In May of this year, HSAS members from across Saskatchewan gathered in Saskatoon as delegates to the HSAS Bargaining Conference. Over the two day Bargaining Conference delegates had the opportunity to receive the results of the recent Bargaining survey and hear speakers who provided an environmental scan of the current political and economic climates as well as forecasts for the future.
Delegates also had the opportunity to provide input into the Bargaining process as the Negotiating Committee prepares for bargaining a new collective agreement in 2018. The Collective Bargaining Agreement (CBA) is an agreement between two parties: SAHO, the Bargaining Agent for the health regions, and HSAS. When a tentative agreement is reached, it must be ratified by the membership of HSAS and the health regions. Since it is an agreement between both parties– there is an obligation on both parties to abide by the language and terms of the new collective bargaining agreement.
During the conference, delegates also shared their perspective about the work environment faced by our HSAS members each and every day. There were many concerns expressed of how services provided by HSAS health care professionals, are being eroded with layoffs, vacancy management, and overall limited manpower. Although our HSAS members have the skills and specialized training to provide needed services in a timely and efficient manner, Government and/or health region policies are leading to changes which are causing eroded and inefficient service delivery. As a result, our members are seeing negative health outcomes for Saskatchewan’s public. Frustrations ran high at this Bargaining Conference. Each of us chose our respective fields of training and specialization. Some of us provide care to individuals and some of us provide care to families and even entire communities. We want to contribute in a meaningful way. We struggle with employer edicts that direct us to compromise our internal professional compasses. We find ourselves apologizing to our clients, patients, and communities- for the less than optimal levels of service available to them. We know that staffing levels are shortchanging their well-being and their quality of life.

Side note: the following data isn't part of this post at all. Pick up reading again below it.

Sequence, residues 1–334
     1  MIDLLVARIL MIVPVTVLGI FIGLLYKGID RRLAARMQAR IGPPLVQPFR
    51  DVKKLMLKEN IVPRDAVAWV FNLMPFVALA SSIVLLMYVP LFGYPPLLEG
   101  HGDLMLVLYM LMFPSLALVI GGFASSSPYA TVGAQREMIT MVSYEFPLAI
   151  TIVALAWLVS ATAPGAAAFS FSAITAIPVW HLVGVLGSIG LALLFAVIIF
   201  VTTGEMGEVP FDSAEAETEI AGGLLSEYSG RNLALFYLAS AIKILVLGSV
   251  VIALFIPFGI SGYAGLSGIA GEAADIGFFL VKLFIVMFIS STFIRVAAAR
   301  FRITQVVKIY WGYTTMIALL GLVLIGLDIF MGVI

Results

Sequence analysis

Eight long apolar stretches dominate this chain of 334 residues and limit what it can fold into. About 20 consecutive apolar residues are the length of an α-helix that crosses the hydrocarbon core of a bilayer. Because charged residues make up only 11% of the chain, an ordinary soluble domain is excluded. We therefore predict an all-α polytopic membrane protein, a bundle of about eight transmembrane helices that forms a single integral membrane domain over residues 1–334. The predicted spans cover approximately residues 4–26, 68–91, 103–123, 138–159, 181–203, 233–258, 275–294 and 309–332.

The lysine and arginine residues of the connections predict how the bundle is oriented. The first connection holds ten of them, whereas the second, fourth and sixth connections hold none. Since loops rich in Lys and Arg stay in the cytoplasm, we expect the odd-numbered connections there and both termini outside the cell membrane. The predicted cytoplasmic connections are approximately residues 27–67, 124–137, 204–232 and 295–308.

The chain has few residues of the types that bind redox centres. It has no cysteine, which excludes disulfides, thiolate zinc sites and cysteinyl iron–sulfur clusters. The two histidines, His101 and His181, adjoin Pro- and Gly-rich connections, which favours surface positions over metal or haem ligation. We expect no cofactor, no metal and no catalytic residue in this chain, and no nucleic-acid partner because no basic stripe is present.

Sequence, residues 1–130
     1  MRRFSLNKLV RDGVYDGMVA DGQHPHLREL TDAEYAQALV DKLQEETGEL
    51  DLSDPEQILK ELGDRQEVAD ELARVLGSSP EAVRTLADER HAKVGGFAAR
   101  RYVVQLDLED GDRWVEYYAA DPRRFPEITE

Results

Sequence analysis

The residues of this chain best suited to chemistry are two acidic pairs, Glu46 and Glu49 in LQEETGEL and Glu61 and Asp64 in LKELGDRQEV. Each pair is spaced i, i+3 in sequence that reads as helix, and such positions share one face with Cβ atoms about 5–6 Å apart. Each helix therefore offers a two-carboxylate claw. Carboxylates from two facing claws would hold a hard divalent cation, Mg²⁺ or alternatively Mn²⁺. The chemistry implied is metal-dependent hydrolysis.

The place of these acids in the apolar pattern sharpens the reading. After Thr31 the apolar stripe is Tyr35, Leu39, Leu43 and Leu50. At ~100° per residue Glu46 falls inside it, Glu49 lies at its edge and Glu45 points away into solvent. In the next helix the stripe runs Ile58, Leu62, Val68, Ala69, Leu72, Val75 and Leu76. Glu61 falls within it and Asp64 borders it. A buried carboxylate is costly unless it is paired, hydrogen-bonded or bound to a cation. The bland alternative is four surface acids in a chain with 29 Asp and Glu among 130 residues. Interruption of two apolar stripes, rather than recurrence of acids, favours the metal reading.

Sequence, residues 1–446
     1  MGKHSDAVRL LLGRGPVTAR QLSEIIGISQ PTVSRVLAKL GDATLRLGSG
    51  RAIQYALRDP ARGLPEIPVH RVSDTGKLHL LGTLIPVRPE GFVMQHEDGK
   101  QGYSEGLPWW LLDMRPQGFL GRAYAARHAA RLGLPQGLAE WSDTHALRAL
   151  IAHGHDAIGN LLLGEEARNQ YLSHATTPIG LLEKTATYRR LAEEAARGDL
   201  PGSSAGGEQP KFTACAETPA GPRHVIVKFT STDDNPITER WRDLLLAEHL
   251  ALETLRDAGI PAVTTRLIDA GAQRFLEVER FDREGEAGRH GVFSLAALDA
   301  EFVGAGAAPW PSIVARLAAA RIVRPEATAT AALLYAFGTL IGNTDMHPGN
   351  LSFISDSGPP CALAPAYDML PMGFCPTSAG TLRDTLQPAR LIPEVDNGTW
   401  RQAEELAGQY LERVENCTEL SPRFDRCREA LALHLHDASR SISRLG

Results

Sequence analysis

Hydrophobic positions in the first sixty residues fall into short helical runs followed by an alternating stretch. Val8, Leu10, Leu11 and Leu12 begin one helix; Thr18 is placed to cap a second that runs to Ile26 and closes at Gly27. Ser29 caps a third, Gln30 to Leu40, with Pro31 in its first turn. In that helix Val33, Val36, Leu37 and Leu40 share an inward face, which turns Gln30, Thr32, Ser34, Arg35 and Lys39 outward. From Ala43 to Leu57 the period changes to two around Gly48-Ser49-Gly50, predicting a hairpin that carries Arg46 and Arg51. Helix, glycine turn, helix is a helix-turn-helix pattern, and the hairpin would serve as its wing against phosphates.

Over the years and when appropriate, we had moved care beyond the walls of our hospitals into the communities and homes of our province’s residents. Health and well-being of every individual was valued. Today, as a union representing specialized health care professionals, we are seeing the deliberate erosion of programs that evolved to meet the needs of our province’s residents. It appears to be becoming less a health care system and more a health for profit system.
This past spring, we witnessed the provincial budget for 2017-2018. It contained cuts to services that would touch and impact many Saskatchewan residents, including the most vulnerable– cuts to audiology services, to parenting and mentoring programs, education, social services, communities, and public programs. Few were untouched.
It’s not possible to continue slicing resources while piling on greater expectations on fewer care providers. All the cleverly designed pamphlets and newsletters expounding how good everything is, ring hollow. That message was clearly delivered by HSAS members at the Bargaining Conference.
Going forward, HSAS will continue to advocate for its members and the people of Saskatchewan and their health.